-Register for this family event that celebrates the rich and diverse cultures, traditions and histories of Native people and acknowledges their contributions to society. Elementary school-aged to adults can learn about the Native American way of life through art, literature and film. $5 Admission / $6 at Door.
$5/Family for Pre-Registered Guests / $6 @ the Door
Admission fee includes all events. Pre-registration recommended as space is limited. Light refreshments will be served.
Author and ARTrepreneur© Suzanne Bilek leads the art history presentation Artists & Indians of Michigan about Native Americans in Michigan and Detroit from contemporary times to the early 1800s featuring over 50 images of museum quality Native American crafts and fine paintings.
Viewers will discover how Native Americans were the first to be documented in American art, how aboriginal and white professional artists whose painted images made it into our own Detroit Institute of Arts and other great museums, and what life was like for our resident creative class from early times to the present.
Join the Art House and Northville Public Library for Native American-themed program with fun stories, music and more geared toward pre-school ages and up. The audience will learn about history, culture and traditions of Native American through books, music and art. Our little attendees will receive a free gift.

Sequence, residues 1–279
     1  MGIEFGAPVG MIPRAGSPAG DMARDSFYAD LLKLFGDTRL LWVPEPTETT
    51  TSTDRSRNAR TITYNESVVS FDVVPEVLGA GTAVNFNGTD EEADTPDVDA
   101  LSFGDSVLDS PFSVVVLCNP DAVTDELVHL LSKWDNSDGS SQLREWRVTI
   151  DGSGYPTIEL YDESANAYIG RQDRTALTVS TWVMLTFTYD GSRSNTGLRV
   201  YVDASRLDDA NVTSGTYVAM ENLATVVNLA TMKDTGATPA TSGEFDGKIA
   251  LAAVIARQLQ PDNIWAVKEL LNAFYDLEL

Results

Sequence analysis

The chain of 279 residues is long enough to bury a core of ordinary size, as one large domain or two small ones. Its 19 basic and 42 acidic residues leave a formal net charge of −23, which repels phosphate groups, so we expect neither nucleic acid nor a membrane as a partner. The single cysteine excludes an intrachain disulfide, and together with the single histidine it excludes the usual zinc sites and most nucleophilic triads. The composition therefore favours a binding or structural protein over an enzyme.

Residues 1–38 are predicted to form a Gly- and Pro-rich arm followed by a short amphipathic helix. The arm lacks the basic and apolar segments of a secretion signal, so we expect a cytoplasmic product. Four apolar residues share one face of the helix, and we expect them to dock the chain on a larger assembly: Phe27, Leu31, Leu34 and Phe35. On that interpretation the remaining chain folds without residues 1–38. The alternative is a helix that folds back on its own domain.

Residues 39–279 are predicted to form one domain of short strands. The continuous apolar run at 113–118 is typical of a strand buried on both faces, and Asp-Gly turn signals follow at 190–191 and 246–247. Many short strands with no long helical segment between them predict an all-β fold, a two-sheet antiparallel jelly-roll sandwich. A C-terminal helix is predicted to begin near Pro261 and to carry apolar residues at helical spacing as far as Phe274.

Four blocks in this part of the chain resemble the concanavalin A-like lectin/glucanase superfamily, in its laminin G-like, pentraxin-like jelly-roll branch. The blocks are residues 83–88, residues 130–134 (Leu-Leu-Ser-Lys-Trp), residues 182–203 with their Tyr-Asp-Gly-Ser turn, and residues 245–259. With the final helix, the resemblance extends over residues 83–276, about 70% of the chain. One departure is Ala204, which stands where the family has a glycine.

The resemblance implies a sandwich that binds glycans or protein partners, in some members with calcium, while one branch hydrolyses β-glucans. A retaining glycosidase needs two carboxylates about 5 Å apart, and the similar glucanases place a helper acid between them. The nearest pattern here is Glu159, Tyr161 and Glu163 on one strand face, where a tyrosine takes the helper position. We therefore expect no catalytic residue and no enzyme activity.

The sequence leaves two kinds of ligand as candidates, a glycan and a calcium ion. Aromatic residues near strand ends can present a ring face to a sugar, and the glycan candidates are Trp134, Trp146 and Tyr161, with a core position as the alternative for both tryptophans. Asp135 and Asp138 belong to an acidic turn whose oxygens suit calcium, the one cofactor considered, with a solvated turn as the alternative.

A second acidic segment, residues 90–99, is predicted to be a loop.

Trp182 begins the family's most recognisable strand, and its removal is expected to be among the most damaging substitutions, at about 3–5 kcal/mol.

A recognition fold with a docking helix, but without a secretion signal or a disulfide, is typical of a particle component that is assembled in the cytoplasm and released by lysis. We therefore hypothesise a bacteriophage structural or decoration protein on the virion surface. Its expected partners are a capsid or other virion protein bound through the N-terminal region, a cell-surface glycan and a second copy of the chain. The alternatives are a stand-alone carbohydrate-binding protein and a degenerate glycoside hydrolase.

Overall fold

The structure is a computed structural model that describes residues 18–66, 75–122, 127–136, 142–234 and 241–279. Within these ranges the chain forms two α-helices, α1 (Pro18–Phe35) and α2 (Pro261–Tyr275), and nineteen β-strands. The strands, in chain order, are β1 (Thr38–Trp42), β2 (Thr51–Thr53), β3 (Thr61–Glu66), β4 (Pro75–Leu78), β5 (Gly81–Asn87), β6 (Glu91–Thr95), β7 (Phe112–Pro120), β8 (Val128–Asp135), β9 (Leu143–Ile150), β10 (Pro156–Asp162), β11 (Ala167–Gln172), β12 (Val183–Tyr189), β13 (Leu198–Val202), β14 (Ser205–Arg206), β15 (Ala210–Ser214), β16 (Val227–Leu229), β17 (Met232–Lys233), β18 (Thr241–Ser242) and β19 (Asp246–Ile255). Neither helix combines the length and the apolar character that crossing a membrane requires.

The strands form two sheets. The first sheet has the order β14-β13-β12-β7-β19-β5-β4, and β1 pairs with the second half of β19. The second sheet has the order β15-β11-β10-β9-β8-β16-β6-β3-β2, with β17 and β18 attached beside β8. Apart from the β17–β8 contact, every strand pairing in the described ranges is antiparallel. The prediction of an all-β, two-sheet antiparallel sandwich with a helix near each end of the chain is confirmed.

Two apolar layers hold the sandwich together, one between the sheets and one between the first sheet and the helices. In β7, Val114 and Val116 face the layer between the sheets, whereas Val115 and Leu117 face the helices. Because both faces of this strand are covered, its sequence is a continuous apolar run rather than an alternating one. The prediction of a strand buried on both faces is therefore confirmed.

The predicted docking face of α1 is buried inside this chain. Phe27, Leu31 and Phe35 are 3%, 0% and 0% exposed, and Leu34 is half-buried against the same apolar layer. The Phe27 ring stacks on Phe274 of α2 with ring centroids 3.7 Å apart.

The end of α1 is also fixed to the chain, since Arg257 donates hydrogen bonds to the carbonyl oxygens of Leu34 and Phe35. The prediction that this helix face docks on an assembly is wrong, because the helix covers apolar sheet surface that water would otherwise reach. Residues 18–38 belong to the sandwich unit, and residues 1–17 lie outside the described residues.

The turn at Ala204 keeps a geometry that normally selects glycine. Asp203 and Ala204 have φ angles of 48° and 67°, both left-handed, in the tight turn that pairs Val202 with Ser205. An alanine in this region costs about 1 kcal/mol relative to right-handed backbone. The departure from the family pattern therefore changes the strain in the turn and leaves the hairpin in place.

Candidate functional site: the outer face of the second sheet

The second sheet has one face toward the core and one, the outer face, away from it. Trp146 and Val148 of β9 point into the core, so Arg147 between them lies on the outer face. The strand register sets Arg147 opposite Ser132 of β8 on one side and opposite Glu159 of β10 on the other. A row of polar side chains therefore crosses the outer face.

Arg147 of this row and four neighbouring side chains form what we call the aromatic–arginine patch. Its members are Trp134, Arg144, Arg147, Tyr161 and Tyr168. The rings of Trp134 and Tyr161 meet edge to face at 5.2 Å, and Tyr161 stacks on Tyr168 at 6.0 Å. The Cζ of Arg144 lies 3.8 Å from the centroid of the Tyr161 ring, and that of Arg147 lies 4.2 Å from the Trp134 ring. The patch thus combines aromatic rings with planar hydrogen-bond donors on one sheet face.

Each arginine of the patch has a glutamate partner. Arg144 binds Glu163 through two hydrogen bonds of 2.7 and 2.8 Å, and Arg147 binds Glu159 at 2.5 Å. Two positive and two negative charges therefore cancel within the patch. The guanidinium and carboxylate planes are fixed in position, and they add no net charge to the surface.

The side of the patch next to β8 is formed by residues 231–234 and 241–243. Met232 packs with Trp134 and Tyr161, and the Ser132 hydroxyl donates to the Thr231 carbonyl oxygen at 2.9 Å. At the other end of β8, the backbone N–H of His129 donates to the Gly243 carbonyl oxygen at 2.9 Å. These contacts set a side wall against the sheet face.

Native American books and music:
Following storytime, the Northville Art House offers everyone the opportunity to create a Native American-inspired art project.
This compelling one-hour documentary, produced by Audrey Geyer, invites viewers into the lives of contemporary Native American role models living in Michigan. It dispels the myth that American Indians have disappeared from the American horizon, and reveals how they continue to persist, heal from the past, confront the challenges of today, keep their culture alive, and make significant contributions to society. Their experiences will deeply touch both Natives and non-Natives and help build bridges of understanding, respect, and communication.
The stories shared in this documentary are powerful, startling, despairing and inspiring. They reflect an American history fraught with the systematic destruction of a people. Yet, amidst the debris of suffering and trauma, there is resilience and a profound remembering and healing taking place today, which will also benefit the next Seven Generations.
The film will be followed by a conversation with independent video producer Audrey Geyer.